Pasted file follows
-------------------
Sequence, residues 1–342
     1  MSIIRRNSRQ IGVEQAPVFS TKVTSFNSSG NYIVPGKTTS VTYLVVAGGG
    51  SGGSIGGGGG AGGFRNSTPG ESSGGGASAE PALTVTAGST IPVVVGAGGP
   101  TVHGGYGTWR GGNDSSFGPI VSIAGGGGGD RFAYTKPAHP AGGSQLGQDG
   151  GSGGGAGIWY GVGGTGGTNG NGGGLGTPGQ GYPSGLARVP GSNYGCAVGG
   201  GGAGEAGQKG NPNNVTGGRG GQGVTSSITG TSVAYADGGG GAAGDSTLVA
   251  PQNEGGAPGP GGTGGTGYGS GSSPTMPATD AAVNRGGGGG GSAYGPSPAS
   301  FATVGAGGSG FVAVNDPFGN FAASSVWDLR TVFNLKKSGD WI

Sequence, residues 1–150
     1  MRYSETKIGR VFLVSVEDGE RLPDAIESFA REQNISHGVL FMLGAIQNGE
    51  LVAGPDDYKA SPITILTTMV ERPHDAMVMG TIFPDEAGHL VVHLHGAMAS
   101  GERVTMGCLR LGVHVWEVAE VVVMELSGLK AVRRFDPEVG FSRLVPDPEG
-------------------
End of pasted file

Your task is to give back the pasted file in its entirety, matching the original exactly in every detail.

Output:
Sequence, residues 1–342
     1  MSIIRRNSRQ IGVEQAPVFS TKVTSFNSSG NYIVPGKTTS VTYLVVAGGG
    51  SGGSIGGGGG AGGFRNSTPG ESSGGGASAE PALTVTAGST IPVVVGAGGP
   101  TVHGGYGTWR GGNDSSFGPI VSIAGGGGGD RFAYTKPAHP AGGSQLGQDG
   151  GSGGGAGIWY GVGGTGGTNG NGGGLGTPGQ GYPSGLARVP GSNYGCAVGG
   201  GGAGEAGQKG NPNNVTGGRG GQGVTSSITG TSVAYADGGG GAAGDSTLVA
   251  PQNEGGAPGP GGTGGTGYGS GSSPTMPATD AAVNRGGGGG GSAYGPSPAS
   301  FATVGAGGSG FVAVNDPFGN FAASSVWDLR TVFNLKKSGD WI

Sequence, residues 1–150
     1  MRYSETKIGR VFLVSVEDGE RLPDAIESFA REQNISHGVL FMLGAIQNGE
    51  LVAGPDDYKA SPITILTTMV ERPHDAMVMG TIFPDEAGHL VVHLHGAMAS
   101  GERVTMGCLR LGVHVWEVAE VVVMELSGLK AVRRFDPEVG FSRLVPDPEG